Covid-19 and the power of Data Visualization

Intulog • June 4, 2020 • 5 min read

While there’s still much we don’t know about the “new world” being inaugurated by the COVID-19 pandemic, one thing we can be sure of is that it will be powered by data.

Indeed, in some ways, the coronavirus pandemic is the first truly global data event.

With millions forced to stay at home, large-scale data gathering by governments and institutions, and easy access to data visualization tools, the pandemic’s progress has unfolded, for most of us, in the form of numbers, charts, and visuals on screens. Take, for just one example, the meteoric rise of the website Worldometer1, which saw a 36,928%2 increase in traffic from April 2019 to May this year.

What is fascinating about this growing importance of data visualization is the variety and scope of techniques and approaches emerging.

Appeal of the humble statistical table

What makes Worldometer’s rise to such popularity so astonishing is the sheer simplicity of the website3. At first glance, its centrepiece web 1.0-style table tabulating country counts of cases, deaths, and conducted tests might seem outdated. Yet, the simple fact of numerical benchmarks and the ease of making comparisons across countries has had a distinct appeal. Indeed, even as doubts have been raised about the accuracy of its data4, the bare-facts style of presentation has garnered the website authority not just with individuals, but even governments.

Key role of journalistic dashboards

Of course, the reality of pandemic has come home to most individuals because of the dashboards put together by many media houses. With line charts, bar graphs, symbol maps, choropleth maps, and more, these dashboards weave together many disparate threads of the pandemic and its fallout to provide comprehensive, many-faceted narratives. Whether it’s the global picture presented by the likes of the BBC5 or the New York Times6, or the localized and granular lens of the L.A. Times7, journalistic dashboards have played a key role in conveying the urgency and magnitude of the pandemic to the wider public.

Journalistic dashboards aren’t exactly new, with numbers taking centre stage during major disasters, election seasons, and even for major sporting events. Yet, that data-driven journalism is here to stay is visible in such examples as the New York Times leading an article with a highly simple graph8 in place of a more customary human-interest photography. Incidentally, that graph in its many versions, which explains the idea of “flatten the curve,” could well be the most recognized image of the year, if not the decade. That a simple line chart could receive such global recognition is a testament to the power of data visualization in the present.

The power of animation

Nearly as significant as the “flatten the curve” line chart was an animated simulation9 by the Washington Post of how a hypothetical disease called “simulitis” might spread through a population under normal conditions and physical distancing. Coming as it did early in the spread of the pandemic to the US, this simulation provided an unambiguous message about the dangers of ignoring calls for physical distancing. Not surprisingly, this highly simplified animation using colored dots was one of Washington Post’s most shared pieces of content on COVID-19.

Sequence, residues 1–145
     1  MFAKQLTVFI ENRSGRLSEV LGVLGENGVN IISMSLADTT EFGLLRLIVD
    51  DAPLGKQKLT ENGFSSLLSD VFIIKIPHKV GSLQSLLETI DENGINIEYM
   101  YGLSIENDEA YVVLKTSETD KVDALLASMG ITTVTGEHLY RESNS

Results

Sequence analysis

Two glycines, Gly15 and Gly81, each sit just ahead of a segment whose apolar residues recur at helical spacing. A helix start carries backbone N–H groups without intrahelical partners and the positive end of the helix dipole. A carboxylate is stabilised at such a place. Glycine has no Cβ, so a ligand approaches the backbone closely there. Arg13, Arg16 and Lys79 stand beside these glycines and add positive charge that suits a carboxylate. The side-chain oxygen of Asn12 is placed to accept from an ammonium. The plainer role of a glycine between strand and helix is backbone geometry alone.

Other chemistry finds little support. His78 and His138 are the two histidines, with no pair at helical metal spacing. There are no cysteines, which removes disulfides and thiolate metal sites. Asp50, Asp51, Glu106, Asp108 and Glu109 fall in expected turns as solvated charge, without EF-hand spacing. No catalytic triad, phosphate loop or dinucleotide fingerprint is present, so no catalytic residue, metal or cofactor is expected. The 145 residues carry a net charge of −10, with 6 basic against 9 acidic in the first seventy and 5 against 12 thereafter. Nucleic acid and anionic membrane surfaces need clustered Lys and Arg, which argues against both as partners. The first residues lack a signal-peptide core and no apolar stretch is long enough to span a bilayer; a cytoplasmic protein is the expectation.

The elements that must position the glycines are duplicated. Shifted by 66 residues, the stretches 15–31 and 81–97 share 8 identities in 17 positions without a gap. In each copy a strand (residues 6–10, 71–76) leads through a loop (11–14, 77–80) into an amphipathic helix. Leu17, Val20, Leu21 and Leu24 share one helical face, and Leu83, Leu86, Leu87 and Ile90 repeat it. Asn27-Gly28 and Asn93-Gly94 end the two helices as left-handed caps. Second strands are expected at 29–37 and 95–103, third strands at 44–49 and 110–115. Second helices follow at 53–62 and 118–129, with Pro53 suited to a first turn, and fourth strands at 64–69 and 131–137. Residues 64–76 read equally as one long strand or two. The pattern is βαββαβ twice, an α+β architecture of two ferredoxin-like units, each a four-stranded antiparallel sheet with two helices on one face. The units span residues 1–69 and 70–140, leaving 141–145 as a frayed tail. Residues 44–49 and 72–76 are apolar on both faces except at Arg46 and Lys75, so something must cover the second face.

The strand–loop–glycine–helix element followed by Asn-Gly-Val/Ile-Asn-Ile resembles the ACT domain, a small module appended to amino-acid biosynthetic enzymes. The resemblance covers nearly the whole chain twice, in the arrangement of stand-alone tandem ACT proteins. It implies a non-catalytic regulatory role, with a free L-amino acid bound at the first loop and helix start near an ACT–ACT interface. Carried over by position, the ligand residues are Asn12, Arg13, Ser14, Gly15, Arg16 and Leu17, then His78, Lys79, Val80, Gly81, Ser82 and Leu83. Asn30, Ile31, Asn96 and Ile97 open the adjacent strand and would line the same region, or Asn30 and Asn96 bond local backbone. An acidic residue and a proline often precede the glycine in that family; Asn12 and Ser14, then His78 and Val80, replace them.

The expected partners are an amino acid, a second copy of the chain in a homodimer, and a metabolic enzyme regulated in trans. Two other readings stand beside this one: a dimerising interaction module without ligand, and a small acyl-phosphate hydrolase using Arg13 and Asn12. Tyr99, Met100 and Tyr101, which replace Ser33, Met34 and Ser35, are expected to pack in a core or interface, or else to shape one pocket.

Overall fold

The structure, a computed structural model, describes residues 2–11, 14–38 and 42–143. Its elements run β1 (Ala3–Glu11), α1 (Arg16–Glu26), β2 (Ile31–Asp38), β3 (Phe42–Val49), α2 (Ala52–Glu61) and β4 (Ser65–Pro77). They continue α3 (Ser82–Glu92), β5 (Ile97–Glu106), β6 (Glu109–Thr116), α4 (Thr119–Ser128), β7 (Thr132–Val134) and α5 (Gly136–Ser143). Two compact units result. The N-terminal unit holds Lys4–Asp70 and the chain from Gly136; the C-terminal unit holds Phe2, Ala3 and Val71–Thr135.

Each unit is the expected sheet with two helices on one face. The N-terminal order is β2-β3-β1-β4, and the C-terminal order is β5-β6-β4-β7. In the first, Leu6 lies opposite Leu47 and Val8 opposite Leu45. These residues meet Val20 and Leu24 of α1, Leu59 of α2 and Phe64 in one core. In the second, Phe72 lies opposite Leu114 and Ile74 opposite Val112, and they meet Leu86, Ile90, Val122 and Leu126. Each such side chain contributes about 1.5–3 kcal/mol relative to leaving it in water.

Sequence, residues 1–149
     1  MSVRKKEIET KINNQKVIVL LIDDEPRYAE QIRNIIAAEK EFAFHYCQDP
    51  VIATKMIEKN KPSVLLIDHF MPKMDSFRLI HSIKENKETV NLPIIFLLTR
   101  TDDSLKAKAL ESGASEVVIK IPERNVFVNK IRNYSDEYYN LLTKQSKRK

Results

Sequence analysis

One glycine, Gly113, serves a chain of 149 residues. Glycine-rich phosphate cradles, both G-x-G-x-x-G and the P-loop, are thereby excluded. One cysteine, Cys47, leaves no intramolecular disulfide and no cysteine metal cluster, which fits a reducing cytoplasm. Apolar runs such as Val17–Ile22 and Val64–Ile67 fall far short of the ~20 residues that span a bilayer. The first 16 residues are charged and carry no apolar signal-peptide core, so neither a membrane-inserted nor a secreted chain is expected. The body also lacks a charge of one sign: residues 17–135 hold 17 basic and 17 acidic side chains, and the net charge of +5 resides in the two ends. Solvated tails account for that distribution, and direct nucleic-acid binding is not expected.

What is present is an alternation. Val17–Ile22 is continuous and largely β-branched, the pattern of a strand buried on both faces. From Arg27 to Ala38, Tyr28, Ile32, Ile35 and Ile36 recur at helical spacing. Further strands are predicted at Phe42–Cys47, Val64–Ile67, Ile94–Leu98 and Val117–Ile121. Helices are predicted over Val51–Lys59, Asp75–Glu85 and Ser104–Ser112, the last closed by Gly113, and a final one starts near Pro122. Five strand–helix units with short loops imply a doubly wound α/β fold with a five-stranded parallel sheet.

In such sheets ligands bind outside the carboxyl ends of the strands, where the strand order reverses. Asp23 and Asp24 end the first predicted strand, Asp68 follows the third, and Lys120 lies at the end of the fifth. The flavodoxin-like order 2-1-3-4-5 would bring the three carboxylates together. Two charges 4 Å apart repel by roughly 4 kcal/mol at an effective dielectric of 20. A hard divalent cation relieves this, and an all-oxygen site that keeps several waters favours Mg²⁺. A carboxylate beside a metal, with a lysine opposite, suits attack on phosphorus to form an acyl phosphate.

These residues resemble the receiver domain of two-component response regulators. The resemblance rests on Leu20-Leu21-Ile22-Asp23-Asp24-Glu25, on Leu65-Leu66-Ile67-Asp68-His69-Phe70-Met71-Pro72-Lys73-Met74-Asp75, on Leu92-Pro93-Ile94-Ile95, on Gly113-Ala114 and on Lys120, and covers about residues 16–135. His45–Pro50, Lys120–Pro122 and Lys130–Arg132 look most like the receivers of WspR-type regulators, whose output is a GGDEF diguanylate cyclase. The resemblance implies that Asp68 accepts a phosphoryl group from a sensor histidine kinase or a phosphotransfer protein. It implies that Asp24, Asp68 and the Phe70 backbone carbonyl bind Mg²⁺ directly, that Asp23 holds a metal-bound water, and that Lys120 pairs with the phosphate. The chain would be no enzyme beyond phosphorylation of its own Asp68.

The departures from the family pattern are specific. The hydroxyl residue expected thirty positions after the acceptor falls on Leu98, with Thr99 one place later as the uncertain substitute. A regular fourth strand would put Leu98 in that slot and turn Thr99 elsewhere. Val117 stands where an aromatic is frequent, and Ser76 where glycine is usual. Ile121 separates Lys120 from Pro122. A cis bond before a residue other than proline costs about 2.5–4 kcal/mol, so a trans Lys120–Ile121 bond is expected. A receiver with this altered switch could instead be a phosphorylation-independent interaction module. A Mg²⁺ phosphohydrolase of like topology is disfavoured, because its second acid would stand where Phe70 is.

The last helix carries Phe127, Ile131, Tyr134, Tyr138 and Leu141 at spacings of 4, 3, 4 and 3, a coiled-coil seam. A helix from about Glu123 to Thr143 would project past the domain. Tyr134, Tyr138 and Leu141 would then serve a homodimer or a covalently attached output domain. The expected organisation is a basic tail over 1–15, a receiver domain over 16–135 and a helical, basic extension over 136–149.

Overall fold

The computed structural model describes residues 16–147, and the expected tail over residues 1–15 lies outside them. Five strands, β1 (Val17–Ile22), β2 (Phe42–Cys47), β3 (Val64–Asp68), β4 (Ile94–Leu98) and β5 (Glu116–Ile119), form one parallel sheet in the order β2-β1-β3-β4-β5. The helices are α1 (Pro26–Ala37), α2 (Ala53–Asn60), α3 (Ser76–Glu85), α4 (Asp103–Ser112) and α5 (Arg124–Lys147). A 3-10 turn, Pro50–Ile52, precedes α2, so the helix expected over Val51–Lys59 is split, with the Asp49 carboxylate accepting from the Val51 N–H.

The interactive “game” called “People of the Pandemic”10 took this idea many steps further, simulating the effects of everyday decisions such as visiting a friend’s home or going out to a café on the chances of contracting the infection and receiving adequate medical care in different communities in the US.

On another track, the New York Times created a 3-D simulation11 of the spread of respiratory droplets from breathing, coughing or sneezing to show the vital importance of physical distancing. Such creative data visualizations have played an inestimable role in ensuring that the until-recently alien concept of physical distancing was understood across the board.

The power of a single metric

While most news outlets have built multiple, layered narratives around key pieces of visualization, Instagram co-founders Kevin Systrom and Mike Krieger have bet on the value of a single key metric with Rt.live12. For the millennial generation that finds itself home in such ecosystems as Tik-Tok and Instagram, pushing for bite-sized, no-frills, outcome-focused information, holds a significant promise—the understanding of a pandemic through one metric. In simple terms, “Rt” tracks the speed of spread of COVID-19 by measuring the average number of people who become infected from an infected person.

Building partnerships with subject matter experts

Even as the growing importance of data visualization has been widely acknowledged, some alarm bells have sounded over possible abuse of data visualization. While some of the cautionary advice has focused on the fundamentals of data science and visualization best practices, others have also highlighted the importance of acknowledging subject matter experts. While this point is often made with regard to the expertise of epidemiologists when it comes to the COVID-19 pandemic, the value of good old fashioned reporting for providing vital context to data and visualizations should also be acknowledged13.

In the next post, we’ll look at how data visualisation is being integrated into a variety of domains, and the professional roles that make this possible.

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